Jun 17, 2019

Xi to make first visit to North Korea by Chinese leader in 14 years

Chinese President Xi Jinping and North Korea's Kim Jong-un in China with their wives earlier this year. Photo: Xinhua/Huang Jingwen via Getty Images

Chinese President Xi Jinping will head to North Korea this week, marking the first visit by a Chinese leader since 2005, AP reports.

The big picture: Xi's visit comes as U.S.-North Korea relations have been largely deadlocked after President Trump's Vietnam summit with North Korean leader Kim Jong-un earlier this year ended without any tangible progress on denuclearization. Xi and Kim are set to discuss their views on "the situation on the Korean Peninsula" and celebrate the 70th year of diplomatic relations between their nations.

Go deeper: North Korea's tactical guided message to Trump

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First look: Trump courts Asian American vote amid coronavirus

Photo: Sarah Silbiger/Getty Images

The president's re-election campaign debuts its "Asian Americans for Trump" initiative in a virtual event tonight, courting a slice of the nation's electorate that has experienced a surge in racism and harassment since the pandemic began.

The big question: How receptive will Asian American voters be in this moment? Trump has stoked xenophobia by labeling COVID-19 the "Chinese virus" and the "Wuhan virus" and equating Chinatowns in American cities to China itself.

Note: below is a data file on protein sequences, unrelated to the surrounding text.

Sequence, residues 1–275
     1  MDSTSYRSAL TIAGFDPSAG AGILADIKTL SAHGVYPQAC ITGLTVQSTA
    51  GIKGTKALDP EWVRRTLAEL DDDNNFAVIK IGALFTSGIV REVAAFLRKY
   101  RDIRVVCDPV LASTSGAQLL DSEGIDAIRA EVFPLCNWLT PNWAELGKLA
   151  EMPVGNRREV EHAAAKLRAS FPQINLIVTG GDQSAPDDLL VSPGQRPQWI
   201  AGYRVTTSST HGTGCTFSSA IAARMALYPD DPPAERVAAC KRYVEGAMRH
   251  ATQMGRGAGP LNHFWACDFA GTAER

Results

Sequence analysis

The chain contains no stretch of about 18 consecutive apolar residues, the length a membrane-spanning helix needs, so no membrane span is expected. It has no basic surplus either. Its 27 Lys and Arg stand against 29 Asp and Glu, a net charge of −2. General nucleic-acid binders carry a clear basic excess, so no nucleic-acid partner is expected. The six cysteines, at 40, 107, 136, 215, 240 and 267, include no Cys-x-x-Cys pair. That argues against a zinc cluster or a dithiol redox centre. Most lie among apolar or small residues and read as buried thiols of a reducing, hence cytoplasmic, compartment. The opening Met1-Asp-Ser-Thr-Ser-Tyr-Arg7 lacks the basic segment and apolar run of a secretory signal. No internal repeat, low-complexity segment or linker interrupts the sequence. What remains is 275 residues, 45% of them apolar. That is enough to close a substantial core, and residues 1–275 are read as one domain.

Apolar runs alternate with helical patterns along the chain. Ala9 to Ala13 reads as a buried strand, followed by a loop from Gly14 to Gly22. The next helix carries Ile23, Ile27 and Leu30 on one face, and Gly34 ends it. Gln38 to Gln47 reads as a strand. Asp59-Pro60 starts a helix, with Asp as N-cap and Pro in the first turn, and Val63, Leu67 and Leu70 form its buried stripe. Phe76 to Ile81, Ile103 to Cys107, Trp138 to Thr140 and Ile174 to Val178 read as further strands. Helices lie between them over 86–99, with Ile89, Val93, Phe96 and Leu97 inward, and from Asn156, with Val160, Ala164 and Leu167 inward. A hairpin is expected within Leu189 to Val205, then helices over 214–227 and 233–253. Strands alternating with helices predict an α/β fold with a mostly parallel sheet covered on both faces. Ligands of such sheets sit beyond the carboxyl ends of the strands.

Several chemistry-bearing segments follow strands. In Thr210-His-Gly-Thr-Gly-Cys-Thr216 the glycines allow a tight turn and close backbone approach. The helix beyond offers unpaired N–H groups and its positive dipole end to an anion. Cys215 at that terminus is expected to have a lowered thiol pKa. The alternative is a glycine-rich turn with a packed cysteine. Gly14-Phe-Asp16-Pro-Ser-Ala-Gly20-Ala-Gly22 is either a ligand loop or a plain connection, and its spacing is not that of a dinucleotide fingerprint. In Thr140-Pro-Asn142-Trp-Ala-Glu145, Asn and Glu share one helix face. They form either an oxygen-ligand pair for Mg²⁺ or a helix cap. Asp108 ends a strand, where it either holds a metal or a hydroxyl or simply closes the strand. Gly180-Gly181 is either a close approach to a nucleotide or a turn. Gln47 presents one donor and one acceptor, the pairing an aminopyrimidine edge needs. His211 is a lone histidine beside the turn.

How the U.S. might distribute a coronavirus vaccine

Illustration: Annelise Capossela/Axios

Now that there are glimmers of hope for a coronavirus vaccine, governments, NGOs and others are hashing out plans for how vaccines could be distributed once they are available — and deciding who will get them first.

Why it matters: Potential game-changer vaccines will be sought after by everyone from global powers to local providers. After securing supplies, part of America's plan is to tap into its military know-how to distribute those COVID-19 vaccines.

Amazon is gaining on shipping giants

Illustration: Eniola Odetunde/Axios

Amazon is emerging as a transportation juggernaut that could threaten carmakers, package delivery firms and even ride-hailing companies.

Why it matters: By building its own logistics ecosystem and investing in promising electric and autonomous vehicle startups, Amazon could lower its shipping costs to the point that partners like UPS become competitors instead.